Ethical Sensitivity Sometimes Overdone?
Journalists once moon- lighted as advertising copywriters and even as speechwriters for politicians.
By John Morton
John Morton (firstname.lastname@example.org), a former newspaper reporter, is president of a consulting firm that analyzes newspapers and other media properties.
There used to be an old saw in newspapering that said if it wasn't money and fit in your hip pocket, you could keep it.
The rationale was that any news source dumb enough to believe a reporter could be swayed by the gift of a pint of booze was...
well, dumb enough to believe it.
Standards were looser about a lot of things in journalism in earlier days than they are now. Newspapers regularly stole stories from competing papers with little or no additional reporting and minimal effort to alter the language (some radio and television news writers still do this).
Once it was not unusual to find journalists moonlighting as advertising copywriters and even as speechwriters for politicians. As recently as the 1970s, a prominent local television business reporter in Washington, D.C., appeared in advertisements touting a local brokerage. At least one hoary breach of ethics lives on at newspapers and magazines that allow travel writers to accept free transportation and lodging the better to report on some resort or other.
Most responsible journalistic organizations in recent decades, though, have established firm codes of conduct regarding "freebies," attribution and conflicts of interest. The major point of these codes is the need to avoid even the appearance of interest conflicts or impropriety.
In light of these more vigorous standards, it was unsettling recently to learn of notable lapses: A Wall Street Journal reporter who accepted three $1,000 tickets to a prizefight from the celebrity money-man Donald Trump, a Washington Post reporter fired for lifting language from a Miami Herald story, a New York Times reporter suspended temporarily for taking information from a Boston Globe story about, of all things, a college dean reprimanded for plagiarism.
If this has happened at the nation's leading journalistic institutions, what might be going on at lower levels that does not attract national attention? Do these events signify a loosening grasp on professional behavior by working journalists? Plagiarism and other dishonest work has recently surfaced in the academic and scientific fieldsand lapses in ethics in the business and financial worlds have become prevalent.
Perhaps there has been a slide in standards of personal actions everywhere, including journalism. After all, we live in a time in which a high White House official commits acts that a lesser bureaucrat would be fired for, or worse, acts that our president passes over as "an appearance problem."
Whatever the underlying cause, in journalism at least there is no excuse for accepting free tickets (or trips and rooms) to anything, nor for borrowing phrases and whole paragraphs without attribution from somebody else's work.
Yet I detect a hypersensibility about these matters that may unfairly besmirch honest journalists. First of all, consider rewriting. This involves recasting into different language known facts previously reported. The art of the craft requires reworking the facts in a way that does not unduly recall somebody else's work. If that is not possible, attribution is the only recourse.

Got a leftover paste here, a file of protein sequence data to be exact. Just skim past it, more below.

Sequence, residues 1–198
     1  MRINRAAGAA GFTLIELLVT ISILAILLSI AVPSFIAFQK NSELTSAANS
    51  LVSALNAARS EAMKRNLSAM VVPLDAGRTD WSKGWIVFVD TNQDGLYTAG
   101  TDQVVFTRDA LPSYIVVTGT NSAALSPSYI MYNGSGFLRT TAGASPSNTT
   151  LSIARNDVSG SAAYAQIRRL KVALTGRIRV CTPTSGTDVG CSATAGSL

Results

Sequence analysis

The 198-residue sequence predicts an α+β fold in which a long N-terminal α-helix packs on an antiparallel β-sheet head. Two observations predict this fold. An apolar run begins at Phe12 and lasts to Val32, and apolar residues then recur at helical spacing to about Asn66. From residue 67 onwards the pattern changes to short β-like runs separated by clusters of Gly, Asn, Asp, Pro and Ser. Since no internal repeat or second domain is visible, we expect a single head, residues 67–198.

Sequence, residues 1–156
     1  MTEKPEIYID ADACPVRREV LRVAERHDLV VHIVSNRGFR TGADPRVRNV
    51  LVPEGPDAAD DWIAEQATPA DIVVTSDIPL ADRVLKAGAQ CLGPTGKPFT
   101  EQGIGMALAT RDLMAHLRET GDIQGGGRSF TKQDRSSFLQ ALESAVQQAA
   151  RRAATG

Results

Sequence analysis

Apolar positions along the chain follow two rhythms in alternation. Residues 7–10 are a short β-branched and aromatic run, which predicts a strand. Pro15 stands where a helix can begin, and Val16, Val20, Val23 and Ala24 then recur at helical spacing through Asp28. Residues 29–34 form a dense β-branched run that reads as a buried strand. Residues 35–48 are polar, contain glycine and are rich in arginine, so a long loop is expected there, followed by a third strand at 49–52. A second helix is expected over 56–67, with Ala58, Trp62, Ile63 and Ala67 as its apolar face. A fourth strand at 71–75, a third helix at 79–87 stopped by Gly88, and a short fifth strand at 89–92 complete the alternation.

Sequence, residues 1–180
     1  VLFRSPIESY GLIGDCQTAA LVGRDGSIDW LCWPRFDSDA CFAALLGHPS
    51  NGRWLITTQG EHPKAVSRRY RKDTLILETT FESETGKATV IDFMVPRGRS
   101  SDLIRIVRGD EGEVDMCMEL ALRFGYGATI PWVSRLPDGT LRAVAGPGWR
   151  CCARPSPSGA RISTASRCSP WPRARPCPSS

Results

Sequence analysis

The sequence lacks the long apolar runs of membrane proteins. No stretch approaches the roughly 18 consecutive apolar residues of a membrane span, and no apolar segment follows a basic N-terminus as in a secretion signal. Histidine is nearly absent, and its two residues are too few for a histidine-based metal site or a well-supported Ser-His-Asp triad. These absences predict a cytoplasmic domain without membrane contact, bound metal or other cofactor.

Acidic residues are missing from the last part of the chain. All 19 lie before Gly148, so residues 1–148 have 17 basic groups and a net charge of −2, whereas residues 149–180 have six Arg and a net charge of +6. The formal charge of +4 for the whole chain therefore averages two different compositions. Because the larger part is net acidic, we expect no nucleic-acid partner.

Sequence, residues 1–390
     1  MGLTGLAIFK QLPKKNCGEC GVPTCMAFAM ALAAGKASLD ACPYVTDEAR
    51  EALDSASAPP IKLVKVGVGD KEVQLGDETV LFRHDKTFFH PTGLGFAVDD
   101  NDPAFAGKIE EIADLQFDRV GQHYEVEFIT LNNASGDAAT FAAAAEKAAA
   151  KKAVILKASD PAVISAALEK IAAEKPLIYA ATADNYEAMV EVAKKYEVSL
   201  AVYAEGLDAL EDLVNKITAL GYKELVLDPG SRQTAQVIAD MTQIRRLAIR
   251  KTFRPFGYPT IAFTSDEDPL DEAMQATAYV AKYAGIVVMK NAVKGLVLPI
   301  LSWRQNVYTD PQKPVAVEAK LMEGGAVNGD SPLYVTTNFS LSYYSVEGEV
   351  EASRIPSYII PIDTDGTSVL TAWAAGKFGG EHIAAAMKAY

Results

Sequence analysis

I have studied before-and-after accounts of several instances of alleged plagiarism and, in some, wound up wondering what the fuss was all about. There often is a gray area between rewriting and plagiarism, but it seems to me that if the information is worth spreading for the benefit of the public weal (a fundamental goal of journalism), then the judgment of rewriting should be less harsh than it often is. I know I have seen my own insights, which I thought were at least fresh if not necessarily original, subsequently parroted by others without attribution. After an initial and mild irritation, I felt flattered that something I wrote or said in a speech was considered worth repeating by somebody else.
Or consider conflicts of interest. Accepting a "freebie" from a news source is clearly beyond the pale. But perhaps because conflicts once were so rife today's judgers seem eager to condemn any connection not fully revealed.
For example, I provide antitrust, appraisal, acquisition and other advice to several large media companies. They pay me for this. As a columnist for this magazine, I write about issues that affect these companies. I avoid obvious conflicts, or make them known when writing about them, but if I mentioned every possible personal connection many of my columns would be so larded with caveats that they would be unreadable.
Is this just my way of saying, if it fits in my pocket it's okay to keep it? I don't think so. I hope that what I have had to say over time has established my independence. But the reader will be the final judge.
Still, I and all others who write for publication should be extra vigilant now that issues about professionalism have become controversial. Thoughtlessness under deadline pressure or in dealing with news sources can be especially damaging, now that journalism has developed what can't be passed off as "an appearance problem." l###